After washing, set the fur out to air-dry. Never put Furby fur in the dryer, even on the lowest heat setting. My twin Sunny Yellow babies are a perfect demonstration of why.

Here's Buttercreme's fur. Note how fine the plastic fibers making up the tuft are.

And, here's Jelly Fruit. After only about 10 minutes in the dryer on the lowest setting, the plastic melted and turned the head and tail tufts into solid lumps of misshapen fibers. I actually don't mind it here, as it helps make two otherwise identical Furbys distinct from one another. Still, I'm willing to bet that most people would want to avoid this!

After the fur has completely dried, which can take as little as a couple hours on a warm, breezy day and as much as a couple days, use a metal brush to tame it. I use one designed for dogs and cats that I found at a local dollar store. You don't want to use a plastic brush designed for humans, as it will cause static to build up in the acrylic fur. In the picture, you can see the difference that a good brushing makes- Pink Melonade's fur on the left has been brushed, while Sea Salt's on the right has not.

Now that the fur has been thoroughly washed and brushed, it's time to make your Furby whole once more! Start by reattaching the faceplate- I find that turning the fur inside out makes this much easier. If it's the "screw" type, like Sea Salt's, simply replace the screws. The "clip" type is even easier- just align with the body and press into place. Unfortunately, the "hot glue" type requires a bit of extra work.

I find that it's easiest to glue in two parts- first along the top, and then the bottom. Firmly press the faceplate into place with one hand, and glue with the other. Once the glue is applied, switch to pressing the faceplate with both hands until it's completely cooled. Be sure everything's properly aligned before you start, as brand-new hot glue is much harder to remove than the stuff from 20 years ago.

I'm normally against big, thick layers of hot glue, but it's necessary in this case to fill in all the gaps and make sure the faceplate is nice and secure.

No matter what faceplate style you're dealing with, once's it's reattached it's time to turn the fur right side out on the body. I find it's easiest to gently bend the ear bones forward into their corresponding holes, then gently pull the fur down, starting at the top of the head and working my way down. (Sorry for the lack of pictures- it's hard to get a clear shot of this step, but it's pretty straightforward anyway.)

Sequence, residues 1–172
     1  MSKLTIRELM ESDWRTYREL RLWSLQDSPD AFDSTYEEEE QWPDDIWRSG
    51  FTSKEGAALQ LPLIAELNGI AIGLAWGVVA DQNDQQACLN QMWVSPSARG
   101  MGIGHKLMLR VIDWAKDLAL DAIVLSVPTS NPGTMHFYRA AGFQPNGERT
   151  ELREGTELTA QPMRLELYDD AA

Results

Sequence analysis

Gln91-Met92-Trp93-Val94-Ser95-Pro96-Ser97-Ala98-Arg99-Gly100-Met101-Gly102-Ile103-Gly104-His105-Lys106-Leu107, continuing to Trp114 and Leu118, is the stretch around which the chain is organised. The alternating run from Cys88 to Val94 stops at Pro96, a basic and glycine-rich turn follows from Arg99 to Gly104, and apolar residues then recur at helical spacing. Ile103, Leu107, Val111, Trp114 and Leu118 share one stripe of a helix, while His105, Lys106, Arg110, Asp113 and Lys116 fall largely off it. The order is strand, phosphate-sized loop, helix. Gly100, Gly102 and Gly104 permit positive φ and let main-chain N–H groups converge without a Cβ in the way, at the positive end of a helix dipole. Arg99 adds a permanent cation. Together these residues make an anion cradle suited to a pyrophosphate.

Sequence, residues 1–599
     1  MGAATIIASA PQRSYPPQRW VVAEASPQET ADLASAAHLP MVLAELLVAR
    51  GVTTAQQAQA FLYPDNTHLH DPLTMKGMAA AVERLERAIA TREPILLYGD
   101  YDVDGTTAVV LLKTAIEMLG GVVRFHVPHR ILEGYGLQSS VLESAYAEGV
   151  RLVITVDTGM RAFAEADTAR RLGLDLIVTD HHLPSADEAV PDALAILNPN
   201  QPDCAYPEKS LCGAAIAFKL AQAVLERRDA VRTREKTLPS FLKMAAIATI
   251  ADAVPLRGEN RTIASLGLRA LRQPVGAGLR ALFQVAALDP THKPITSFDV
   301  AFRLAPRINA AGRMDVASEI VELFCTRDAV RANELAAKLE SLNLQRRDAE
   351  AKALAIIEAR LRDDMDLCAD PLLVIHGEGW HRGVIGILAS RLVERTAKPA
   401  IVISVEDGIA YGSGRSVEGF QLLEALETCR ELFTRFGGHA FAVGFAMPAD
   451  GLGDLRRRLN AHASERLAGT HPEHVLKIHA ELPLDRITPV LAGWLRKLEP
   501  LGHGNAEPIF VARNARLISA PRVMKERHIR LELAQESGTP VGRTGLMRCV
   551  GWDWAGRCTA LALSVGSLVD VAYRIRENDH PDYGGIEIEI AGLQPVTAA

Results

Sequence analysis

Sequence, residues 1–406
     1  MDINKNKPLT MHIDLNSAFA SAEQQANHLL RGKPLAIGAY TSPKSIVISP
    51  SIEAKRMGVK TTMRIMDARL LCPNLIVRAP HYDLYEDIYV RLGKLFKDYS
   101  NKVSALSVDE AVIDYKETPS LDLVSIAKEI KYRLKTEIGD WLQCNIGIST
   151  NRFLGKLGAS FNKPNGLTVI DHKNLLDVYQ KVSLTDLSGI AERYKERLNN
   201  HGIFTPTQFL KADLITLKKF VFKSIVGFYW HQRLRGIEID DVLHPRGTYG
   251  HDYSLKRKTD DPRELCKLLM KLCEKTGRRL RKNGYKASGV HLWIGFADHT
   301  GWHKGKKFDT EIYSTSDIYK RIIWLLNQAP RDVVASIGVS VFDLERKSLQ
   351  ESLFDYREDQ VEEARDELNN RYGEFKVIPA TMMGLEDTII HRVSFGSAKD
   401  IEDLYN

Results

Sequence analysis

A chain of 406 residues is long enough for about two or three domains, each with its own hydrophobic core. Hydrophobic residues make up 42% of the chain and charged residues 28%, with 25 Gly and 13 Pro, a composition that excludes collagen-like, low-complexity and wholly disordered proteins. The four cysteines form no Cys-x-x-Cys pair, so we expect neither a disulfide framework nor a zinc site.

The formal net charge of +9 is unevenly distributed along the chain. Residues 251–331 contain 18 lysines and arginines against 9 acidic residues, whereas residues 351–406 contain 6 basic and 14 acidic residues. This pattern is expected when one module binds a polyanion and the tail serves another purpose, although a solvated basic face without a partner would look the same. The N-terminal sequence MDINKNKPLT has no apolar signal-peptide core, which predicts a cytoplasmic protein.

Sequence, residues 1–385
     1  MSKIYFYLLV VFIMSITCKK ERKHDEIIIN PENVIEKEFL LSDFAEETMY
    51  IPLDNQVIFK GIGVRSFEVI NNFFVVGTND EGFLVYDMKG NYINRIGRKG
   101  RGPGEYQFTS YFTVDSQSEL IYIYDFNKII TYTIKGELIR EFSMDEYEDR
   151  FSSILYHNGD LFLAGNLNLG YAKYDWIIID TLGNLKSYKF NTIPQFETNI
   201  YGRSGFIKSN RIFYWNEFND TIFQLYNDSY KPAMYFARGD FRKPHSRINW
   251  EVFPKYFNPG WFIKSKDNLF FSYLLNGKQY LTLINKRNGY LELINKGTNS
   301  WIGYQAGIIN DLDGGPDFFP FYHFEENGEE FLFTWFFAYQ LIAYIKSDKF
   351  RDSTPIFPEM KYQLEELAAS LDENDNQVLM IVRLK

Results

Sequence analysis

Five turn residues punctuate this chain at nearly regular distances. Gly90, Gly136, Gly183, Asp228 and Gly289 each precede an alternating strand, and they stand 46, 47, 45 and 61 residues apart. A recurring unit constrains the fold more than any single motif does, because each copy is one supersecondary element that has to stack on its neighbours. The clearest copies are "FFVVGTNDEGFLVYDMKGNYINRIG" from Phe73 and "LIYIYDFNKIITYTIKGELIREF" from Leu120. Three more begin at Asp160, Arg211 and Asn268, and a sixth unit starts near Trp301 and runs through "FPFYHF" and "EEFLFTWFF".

Almost done! Now, thread a new zip tie through the sleeve. I've also heard of people using a piece of elastic instead, to make the fur easier to remove for future grooming.

Tighten the zip tie slowly, aligning it with the groove running around the base. Cut off the excess. If you'd like, you can pull the sleeve completely closed and redo the stitches to completely hide your work, but I don't bother because it's hidden at the back anyway.

Final step- re-sewing the ears! I find that threading pins through those holes in the ear bones makes this much easier. If you'd like to skip this step entirely, I've also seen people use earrings to hold the ears in place and add a bit of flair.

With the ears in place, pass the needle through the hole in the ear bone (marked in red) from the back, then go back through the area directly below it (marked in blue). Give the ear a gentle tug to make sure it's secure. I ususally use three or four stitches just to make extra sure.

Create one final stitch on the back of the ear to secure the thread, tie off the ends and cut off the excess, and you're done!

All clean and neat! But, where did Sea Salt get that handsome shirt? And what about Pink Melonade's fancy new eyes? To find out, you'll have to check out my tutorials on making Furby shirts (coming soon!) and creating custom eyes and eyelashes!

All text and images © My Furby World, 2019.